Chapter 3. This powerful, motive force we call value.

Harnessing the power of motive.

Value means output, not input.

Defining value as an economic system.

Does the capitalist system deliver the best value?

When we say value we should really mean it.

A holistic, value system for everyone.

Chapter 4. Value has to be the raison d’être for every type of organization.

All value is good.

Value is the raison d’être of all organizations.

Corporate social responsibility (CSR) and the ‘triple’ bottom line.

Social enterprise.

Is the public sector an obsolete construct?

Chapter 5. Organizational performance measurement has to measure value.

Turning human activity into value.

The advent of the scorecard.

The EFQM business excellence model.

Agreeing value priorities using the 3 Box System.

The gulf between performance measurement theory and practice.

Activity, performance and added value measures.

Taking a fresh perspective on the purpose of performance measurement.

Measuring and managing ‘intangibles’.

E-valu-ation.

Chapter 6. Value is essentially a people thing.

A fresh approach to people management.

Measuring the value of people.

De-bunking the employee-customer-profit chain theory.

Replacing performance management with value management.

Managing value holistically.

Valuing people ?intangibles?

Chapter 7. The people measurement ‘box’.

Only meaningful measures count.

People measurement is a really serious matter.

Does diversity add value?

Human capital management, a revolution in management thinking.

People - are they personnel, human resources, assets or capital?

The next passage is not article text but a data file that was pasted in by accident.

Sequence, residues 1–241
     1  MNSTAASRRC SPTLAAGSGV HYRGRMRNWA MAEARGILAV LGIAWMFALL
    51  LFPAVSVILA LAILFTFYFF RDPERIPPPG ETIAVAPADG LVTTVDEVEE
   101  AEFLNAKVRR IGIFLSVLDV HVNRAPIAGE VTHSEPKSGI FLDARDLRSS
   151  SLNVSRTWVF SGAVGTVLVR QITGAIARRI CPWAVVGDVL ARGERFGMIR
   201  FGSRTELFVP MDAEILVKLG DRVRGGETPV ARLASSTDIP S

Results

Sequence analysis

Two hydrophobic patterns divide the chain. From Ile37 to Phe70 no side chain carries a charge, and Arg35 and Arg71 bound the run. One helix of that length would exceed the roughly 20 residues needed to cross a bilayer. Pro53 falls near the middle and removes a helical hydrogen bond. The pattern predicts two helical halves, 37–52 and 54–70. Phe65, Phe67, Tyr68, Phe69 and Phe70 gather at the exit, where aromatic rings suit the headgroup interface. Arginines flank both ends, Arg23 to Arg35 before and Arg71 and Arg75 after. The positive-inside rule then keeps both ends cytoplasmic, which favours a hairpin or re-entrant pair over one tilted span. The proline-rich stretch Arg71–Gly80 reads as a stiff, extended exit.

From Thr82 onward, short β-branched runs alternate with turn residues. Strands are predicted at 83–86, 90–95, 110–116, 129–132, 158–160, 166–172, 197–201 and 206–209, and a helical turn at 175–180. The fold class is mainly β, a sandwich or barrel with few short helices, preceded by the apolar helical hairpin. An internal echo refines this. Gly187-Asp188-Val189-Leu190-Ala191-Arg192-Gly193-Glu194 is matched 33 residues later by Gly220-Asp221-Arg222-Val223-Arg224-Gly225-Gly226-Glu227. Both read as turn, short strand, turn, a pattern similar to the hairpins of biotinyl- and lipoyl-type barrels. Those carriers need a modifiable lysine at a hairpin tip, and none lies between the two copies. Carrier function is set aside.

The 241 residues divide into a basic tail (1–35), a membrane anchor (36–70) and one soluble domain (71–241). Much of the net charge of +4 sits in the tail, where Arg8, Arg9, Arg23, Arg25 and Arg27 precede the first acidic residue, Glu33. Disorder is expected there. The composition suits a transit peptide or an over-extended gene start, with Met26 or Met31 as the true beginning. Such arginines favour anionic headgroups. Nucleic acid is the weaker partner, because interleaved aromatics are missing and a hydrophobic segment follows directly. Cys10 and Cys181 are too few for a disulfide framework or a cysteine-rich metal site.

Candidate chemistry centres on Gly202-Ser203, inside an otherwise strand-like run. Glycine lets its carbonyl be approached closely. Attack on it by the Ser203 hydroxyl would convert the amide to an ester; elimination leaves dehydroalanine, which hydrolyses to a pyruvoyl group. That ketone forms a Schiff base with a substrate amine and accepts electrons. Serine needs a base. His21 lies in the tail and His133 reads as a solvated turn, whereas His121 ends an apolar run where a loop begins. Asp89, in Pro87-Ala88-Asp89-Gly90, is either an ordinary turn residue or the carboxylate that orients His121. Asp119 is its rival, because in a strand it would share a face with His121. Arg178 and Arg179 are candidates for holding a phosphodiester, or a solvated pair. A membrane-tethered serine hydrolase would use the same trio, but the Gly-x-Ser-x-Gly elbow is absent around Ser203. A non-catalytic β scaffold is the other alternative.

Human capital measures and indicators of value.

Chapter 8. How the value motive could upstage the profit king.

The value motive is leadership.

The politicians definition of value.

The first, second and third sectors have to become one.

Value special cases and dead losses.

Value management education.

Auditing the value motive.

A new management discipline - valuing the human contribution.

Index.

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PAUL KEARNS started his career specializing in industrial relations management in 1978. He then moved into human resource management roles in engineering, construction and manufacturing businesses. His last corporate role in 1991 was sitting on the management team of an automotive business where he became acutely aware, for the first time, that managing value and managing profit were two entirely different objectives. He found, in particular, that managing the human aspects of organizations to create value had become probably the biggest management issue of modern times and one that had no easy solution and no single, coherent methodology.

Since then he has been working in this field as a consultant, writer, teacher and business conference speaker. His writing has drawn a great deal of attention from both the business and academic worlds, although he has always regarded himself, first and foremost, as a pragmatic practitioner. As a consequence he regards his work as bridging the divide between academic theory and management practice. He teaches on MBA programmes and trains managers to understand the wealth creating opportunities presented by a more enlightened approach to people management. He has written eight books and is a regular, thought-provoking contributor to both academic and professional journals.

Paul was born in 1955 in Leicester (UK) and has a degree in economics and economic history. He is married to Nuala and they have three grown-up children.

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"‚ ¶readable and thought-provoking‚ ¶" (CPO Agenda, June 2007)
"...this book should be compulsory for all HR Professionals" (Personnel Today, Tues 3rd May)